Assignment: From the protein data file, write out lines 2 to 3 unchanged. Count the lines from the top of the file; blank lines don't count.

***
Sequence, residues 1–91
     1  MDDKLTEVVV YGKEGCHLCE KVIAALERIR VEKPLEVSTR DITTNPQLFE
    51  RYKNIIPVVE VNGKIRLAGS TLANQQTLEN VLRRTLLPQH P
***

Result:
     1  MDDKLTEVVV YGKEGCHLCE KVIAALERIR VEKPLEVSTR DITTNPQLFE
    51  RYKNIIPVVE VNGKIRLAGS TLANQQTLEN VLRRTLLPQH P